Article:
Don't go overboard this Christmas


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It's easy for parents to get carried away at Christmas and during the holiday season.

I remember when my daughter was four - she told me there were too many presents. She was right. We'd gone overboard when a couple of gifts would have been fine.

These days I like to give my children one big gift and some smaller presents for the Christmas stocking. It also saves me time and energy - not to mention money.

spend save give spend, save, give

I'm a big fan of cash for kids so that they can buy what they want at the post-Christmas sales, or they can deposit it in their savings account and save up for something big.

I know organised parents who do their Christmas shopping throughout the year, making good use of sales. This planning helps alleviate any new year credit card shocks. It's always a good idea to compare the prices of gifts by shopping around.

My daughter remembers the year when I gave her money to buy her Christmas gifts. She enjoyed spending the holidays comparing gifts, the costs, budgeting and allocating the money between our family and grandparents.

She even had some money left over.

With a tougher financial climate this year, it could be time to have a realistic talk with your kids about how this is not the year to spend lots of money at Christmas.

Kids adapt and respond well when you are honest. It is easier to explain this to an older child than a young one.

It is always important to manage your child's expectations. I find that many kids have a sense of entitlement that needs to be realistically handled before it gets out of control. Kids' demands grow as they get older. What they want becomes more expensive too.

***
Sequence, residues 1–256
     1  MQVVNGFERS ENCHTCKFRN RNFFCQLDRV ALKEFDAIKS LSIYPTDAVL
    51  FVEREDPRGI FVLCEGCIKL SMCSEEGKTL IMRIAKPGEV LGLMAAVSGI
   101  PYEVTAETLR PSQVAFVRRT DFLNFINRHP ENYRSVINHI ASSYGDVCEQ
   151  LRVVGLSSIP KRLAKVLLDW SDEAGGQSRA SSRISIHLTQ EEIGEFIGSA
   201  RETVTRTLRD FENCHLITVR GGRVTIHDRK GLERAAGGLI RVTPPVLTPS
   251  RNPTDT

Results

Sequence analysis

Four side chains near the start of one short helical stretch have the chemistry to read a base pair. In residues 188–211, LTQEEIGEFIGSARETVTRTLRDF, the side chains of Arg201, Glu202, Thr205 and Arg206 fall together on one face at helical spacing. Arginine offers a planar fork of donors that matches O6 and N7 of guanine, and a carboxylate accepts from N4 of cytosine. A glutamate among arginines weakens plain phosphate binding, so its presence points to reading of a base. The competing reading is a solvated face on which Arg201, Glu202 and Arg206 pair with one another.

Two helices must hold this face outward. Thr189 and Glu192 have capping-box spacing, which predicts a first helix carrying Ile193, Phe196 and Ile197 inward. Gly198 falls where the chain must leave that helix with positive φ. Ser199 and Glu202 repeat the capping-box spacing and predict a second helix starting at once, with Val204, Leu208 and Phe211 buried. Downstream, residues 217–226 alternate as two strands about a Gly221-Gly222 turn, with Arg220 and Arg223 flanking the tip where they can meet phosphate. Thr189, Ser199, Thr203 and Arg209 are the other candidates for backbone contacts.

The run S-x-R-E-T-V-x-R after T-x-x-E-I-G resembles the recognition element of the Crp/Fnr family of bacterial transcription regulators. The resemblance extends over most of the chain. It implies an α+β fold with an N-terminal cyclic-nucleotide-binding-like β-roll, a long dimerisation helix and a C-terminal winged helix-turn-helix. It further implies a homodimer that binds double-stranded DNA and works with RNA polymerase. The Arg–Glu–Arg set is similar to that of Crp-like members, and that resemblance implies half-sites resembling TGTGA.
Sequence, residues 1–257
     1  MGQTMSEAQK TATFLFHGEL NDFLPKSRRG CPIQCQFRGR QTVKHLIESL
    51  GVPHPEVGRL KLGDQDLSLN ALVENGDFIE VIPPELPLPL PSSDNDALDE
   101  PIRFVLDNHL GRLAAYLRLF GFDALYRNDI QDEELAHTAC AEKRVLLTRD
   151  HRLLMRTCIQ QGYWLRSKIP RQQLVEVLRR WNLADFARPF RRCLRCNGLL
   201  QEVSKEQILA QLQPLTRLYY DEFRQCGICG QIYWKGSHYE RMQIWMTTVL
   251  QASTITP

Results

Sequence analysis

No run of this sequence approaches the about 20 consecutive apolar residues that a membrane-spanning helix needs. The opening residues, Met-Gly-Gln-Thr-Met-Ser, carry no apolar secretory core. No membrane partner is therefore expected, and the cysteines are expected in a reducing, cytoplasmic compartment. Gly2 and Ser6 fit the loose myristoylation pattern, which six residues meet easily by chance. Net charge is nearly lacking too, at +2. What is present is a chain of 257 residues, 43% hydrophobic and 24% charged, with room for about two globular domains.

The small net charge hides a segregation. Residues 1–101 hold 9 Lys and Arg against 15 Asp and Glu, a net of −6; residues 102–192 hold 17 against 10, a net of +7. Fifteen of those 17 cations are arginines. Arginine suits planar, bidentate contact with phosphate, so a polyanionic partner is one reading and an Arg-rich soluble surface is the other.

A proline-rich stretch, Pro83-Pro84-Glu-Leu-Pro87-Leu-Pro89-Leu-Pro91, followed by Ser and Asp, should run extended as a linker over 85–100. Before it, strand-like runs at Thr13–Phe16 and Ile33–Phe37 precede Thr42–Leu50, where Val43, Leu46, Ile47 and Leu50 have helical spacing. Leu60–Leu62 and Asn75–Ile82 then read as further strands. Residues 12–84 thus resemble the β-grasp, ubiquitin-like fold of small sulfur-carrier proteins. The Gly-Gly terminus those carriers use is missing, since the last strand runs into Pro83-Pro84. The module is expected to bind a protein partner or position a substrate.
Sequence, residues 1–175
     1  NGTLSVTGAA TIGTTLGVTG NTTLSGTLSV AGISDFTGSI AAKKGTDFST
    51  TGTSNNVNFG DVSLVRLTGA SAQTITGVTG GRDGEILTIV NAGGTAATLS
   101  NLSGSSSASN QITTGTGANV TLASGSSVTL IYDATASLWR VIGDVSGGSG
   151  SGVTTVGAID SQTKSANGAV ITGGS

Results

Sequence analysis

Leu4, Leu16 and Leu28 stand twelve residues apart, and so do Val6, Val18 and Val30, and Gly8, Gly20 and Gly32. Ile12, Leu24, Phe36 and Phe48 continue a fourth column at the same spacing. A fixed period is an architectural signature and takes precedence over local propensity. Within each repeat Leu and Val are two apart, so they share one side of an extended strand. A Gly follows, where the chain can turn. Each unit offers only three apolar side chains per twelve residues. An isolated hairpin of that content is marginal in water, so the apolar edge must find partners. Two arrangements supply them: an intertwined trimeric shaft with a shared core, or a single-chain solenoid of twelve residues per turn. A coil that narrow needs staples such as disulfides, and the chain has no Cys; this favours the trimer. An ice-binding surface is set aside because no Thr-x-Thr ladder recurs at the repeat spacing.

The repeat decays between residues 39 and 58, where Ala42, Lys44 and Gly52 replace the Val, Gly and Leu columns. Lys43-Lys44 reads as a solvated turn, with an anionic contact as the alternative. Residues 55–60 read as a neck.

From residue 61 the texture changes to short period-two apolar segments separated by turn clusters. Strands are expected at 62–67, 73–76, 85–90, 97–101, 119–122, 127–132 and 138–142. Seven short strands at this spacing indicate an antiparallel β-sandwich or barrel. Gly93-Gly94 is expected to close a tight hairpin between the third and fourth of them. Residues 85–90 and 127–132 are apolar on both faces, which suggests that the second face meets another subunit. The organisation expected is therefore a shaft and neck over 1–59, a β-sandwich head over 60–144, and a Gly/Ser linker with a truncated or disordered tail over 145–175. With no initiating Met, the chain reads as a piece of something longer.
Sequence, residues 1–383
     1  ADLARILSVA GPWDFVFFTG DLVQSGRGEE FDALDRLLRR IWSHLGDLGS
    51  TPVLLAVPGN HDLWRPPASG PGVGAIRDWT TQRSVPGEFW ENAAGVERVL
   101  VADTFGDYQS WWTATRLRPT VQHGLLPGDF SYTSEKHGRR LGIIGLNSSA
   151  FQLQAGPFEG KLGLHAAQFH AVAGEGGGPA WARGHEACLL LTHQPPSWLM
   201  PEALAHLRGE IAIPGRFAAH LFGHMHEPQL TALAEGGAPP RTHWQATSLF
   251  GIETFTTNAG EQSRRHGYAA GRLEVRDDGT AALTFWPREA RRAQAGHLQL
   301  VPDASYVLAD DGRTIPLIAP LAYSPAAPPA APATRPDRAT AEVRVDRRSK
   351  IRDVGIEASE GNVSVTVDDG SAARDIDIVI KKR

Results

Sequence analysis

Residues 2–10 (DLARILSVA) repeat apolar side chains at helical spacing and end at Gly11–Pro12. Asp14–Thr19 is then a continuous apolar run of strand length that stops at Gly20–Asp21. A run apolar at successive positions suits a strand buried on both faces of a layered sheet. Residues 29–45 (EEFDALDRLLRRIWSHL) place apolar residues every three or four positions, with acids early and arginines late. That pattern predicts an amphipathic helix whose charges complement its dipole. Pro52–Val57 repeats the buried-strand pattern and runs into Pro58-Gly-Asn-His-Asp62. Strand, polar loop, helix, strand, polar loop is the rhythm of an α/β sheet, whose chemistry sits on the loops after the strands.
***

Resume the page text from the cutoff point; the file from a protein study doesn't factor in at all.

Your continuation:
You want them to be happy but they have to learn that happiness doesn't come from more consumer goods.

This year I'm aiming to be more creative with my presents. Instead of spending money a creative friend makes little books for her kids with photos of special times and writes short stories.

I also like to give kids gifts that are an experience that we can do together, such as a music event or a special dinner.

One year I gave my daughter a one-day cooking course in the school holidays that we did together. I guess I was secretly hoping she would cook a bit more. When you experience something together it provides a tighter bond.

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Susan has been a finance journalist for more than 30 years, beginning at the Australian Financial Review before moving to the Sydney Morning Herald. She edited a superannuation magazine, Superfunds, for the Association of Superannuation Funds of Australia, and writes regularly on superannuation and managed funds. She's also author of the best-selling book Women and Money.

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